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Most people who have the HPV vaccine do not have side effects. Side effects that are reported after having the HPV vaccine are usually the type reported after any injection.
The information on this page is about the HPV vaccines Gardasil and Gardasil 9, which are offered in schools. It explains why the HPV vaccine is safe to have, as well as side effects linked to the vaccine and how to report them.
On this page:
The HPV vaccine has been approved for use. Between 2008 and 2019, more than 10 million doses of the HPV vaccine were given in the UK.
A vaccine can only be used if tests show:
These tests are called clinical trials and involve thousands of people having the vaccine.
The European Medicines Agency (EMA) was responsible for looking at the data from the trials. The data showed the HPV vaccine is safe, so the EMA approved a license for Gardasil to be used in the UK in 2006 and Gardasil 9 in 2015.
The HPV vaccine’s safety is monitored by the Medicines and Healthcare Products Regulatory Agency (MHRA).
The HPV vaccine may cause side effects. Most side effects are the type reported shortly after any injection – for example, having pain where the injection was given.
If you feel very ill after having the HPV vaccine, it is important to seek medical attention straight away.
Not everyone who has the HPV vaccine will have side effects.
Some vaccine side effects, such as a fever, can be similar to COVID-19 symptoms. You can get information about COVID-19, including symptoms, testing and self-isolation from the NHS in your area:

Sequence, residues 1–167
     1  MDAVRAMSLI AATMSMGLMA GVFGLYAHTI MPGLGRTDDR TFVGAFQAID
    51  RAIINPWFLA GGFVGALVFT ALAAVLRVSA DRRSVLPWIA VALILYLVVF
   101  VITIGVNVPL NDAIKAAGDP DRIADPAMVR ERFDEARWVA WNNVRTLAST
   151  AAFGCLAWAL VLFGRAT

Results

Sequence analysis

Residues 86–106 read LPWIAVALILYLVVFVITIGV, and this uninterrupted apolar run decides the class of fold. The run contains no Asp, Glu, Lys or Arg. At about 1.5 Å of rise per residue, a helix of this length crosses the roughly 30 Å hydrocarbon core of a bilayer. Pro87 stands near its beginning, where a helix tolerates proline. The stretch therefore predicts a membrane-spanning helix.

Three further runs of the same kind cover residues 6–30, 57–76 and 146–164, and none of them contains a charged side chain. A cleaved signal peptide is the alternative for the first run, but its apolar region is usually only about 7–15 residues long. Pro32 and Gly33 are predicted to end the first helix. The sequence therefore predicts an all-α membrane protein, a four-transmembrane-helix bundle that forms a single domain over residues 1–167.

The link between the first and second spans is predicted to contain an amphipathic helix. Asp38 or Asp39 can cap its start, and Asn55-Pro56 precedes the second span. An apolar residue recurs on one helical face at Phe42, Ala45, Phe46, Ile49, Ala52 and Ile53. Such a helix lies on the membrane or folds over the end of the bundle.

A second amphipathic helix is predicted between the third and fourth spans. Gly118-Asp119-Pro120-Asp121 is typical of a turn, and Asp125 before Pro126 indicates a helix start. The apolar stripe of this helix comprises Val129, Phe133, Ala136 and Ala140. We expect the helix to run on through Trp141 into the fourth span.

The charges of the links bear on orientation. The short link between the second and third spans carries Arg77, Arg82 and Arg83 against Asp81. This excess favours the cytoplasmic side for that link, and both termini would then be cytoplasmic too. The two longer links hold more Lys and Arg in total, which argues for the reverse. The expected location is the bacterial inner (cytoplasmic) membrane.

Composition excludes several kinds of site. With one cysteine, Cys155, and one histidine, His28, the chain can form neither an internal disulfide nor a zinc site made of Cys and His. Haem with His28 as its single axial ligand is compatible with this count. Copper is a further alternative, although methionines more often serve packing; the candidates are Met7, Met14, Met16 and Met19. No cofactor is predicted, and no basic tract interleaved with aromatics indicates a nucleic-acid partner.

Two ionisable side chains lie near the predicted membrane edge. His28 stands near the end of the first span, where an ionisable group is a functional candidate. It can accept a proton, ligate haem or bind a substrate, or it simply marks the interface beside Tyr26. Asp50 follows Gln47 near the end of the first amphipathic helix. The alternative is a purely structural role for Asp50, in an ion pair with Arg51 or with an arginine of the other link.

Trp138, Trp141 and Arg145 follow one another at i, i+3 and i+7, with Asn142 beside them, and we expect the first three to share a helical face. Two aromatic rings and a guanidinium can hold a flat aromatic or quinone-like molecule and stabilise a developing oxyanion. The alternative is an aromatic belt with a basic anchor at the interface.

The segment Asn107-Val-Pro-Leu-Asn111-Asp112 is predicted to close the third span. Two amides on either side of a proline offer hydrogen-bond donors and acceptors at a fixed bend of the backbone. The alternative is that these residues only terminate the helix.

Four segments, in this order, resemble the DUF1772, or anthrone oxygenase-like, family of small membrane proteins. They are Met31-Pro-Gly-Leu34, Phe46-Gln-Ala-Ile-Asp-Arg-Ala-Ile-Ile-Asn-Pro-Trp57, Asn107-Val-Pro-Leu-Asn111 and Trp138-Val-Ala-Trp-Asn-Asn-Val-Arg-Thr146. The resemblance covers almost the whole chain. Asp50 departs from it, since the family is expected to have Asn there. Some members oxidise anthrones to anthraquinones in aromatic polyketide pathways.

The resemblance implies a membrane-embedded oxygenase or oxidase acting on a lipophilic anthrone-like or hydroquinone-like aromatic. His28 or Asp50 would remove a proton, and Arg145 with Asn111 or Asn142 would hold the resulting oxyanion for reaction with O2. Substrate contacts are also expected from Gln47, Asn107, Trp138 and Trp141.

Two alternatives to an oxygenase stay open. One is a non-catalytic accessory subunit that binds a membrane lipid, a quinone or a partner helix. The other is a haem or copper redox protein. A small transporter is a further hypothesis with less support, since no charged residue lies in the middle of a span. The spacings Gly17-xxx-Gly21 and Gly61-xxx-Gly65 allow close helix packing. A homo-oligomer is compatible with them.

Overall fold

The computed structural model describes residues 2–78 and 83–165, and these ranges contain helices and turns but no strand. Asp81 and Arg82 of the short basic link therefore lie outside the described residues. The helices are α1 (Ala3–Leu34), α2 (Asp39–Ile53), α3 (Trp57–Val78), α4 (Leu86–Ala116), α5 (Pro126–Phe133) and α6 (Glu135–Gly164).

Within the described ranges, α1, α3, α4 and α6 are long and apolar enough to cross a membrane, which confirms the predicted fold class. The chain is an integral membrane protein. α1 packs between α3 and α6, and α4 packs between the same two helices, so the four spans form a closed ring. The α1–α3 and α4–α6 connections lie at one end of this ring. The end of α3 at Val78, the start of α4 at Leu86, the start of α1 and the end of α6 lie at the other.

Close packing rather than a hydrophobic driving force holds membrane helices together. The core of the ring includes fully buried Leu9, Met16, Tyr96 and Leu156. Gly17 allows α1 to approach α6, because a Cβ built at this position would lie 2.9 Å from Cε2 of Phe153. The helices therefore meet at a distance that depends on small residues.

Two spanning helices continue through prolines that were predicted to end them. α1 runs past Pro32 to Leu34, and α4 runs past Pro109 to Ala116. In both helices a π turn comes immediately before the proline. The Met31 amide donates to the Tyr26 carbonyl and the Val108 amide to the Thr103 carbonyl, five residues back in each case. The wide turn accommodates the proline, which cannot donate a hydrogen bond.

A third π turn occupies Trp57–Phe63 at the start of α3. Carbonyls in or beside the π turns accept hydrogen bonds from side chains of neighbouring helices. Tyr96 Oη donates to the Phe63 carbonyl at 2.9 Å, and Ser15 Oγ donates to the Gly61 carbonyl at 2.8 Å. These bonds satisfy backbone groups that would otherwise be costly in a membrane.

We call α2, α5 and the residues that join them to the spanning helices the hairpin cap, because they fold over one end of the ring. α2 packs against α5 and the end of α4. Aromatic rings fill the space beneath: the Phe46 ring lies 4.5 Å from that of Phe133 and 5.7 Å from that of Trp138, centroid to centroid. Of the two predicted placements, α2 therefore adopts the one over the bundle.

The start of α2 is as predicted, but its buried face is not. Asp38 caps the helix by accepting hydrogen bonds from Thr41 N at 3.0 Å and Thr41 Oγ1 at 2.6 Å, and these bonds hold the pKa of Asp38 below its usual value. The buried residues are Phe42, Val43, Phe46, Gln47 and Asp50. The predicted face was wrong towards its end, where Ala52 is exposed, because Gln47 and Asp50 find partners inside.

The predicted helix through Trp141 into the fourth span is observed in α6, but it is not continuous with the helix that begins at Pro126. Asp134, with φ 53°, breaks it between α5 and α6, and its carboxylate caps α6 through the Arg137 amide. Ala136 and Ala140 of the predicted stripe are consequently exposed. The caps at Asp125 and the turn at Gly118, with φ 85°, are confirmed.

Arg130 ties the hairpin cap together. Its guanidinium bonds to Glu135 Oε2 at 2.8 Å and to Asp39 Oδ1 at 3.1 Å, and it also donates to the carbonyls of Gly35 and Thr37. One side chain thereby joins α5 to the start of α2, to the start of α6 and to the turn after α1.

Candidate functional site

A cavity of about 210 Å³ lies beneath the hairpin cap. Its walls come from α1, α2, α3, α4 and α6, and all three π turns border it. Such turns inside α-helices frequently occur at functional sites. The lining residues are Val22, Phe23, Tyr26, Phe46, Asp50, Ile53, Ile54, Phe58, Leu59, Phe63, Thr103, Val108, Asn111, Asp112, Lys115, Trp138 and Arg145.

More than 1 in 10 people who have the HPV vaccine have:
Any pain, redness or swelling should get better after a few days. If you have a headache, it shouldn’t last for more than a few hours.
Fewer than 1 in 10 people who have the HPV vaccine have:
Fewer than 1 in 100 people who have the vaccine have:
Fewer than 1 in 1,000 people who have the HPV vaccine have:
Less than 1 in 10,000 people who have the HPV vaccine have:
Some people have reported other side effects after having the HPV vaccine. However, because these don’t come from controlled clinical studies, we can’t say whether they are definitely related to having the HPV vaccine, how often they happen or how many people have these side effects.
If you have any side effects after having the HPV vaccine, you should tell your doctor or nurse.
You can report any side effects that you think may be linked to the HPV vaccine using the Yellow Card Scheme. This helps us understand more about the vaccine, potential side effects and how to respond to them. You can phone the free Yellow Card hotline on 0808 100 3352 or report side effects online. The scheme is run by the Medicines and Healthcare products Regulatory Agency (MHRA).
You may have seen reports in the media claiming the HPV vaccine causes serious side effects, including:
All of these claims have been looked into by independent researchers as well as the health bodies who approve vaccines. There is no evidence that links having the HPV vaccine to developing these conditions. Research has shown the HPV vaccine is safe.
We know that hearing these claims can be worrying, so if you want to talk anything through, we are here. You can call our free Helpline on 0808 802 8000.
We hope the evidence on this page has helped answer your questions about the safety of the HPV vaccine. But if you have others, or want to talk anything through, we are here to help. Our free Helpline has trained volunteers you can call on 0808 802 8000 or email.
Thank you to all the experts who checked the accuracy of this information, and the volunteers who shared their personal experience to help us develop it.
We write our information based on literature searches and expert review. For more information about the references we used, please contact [email protected]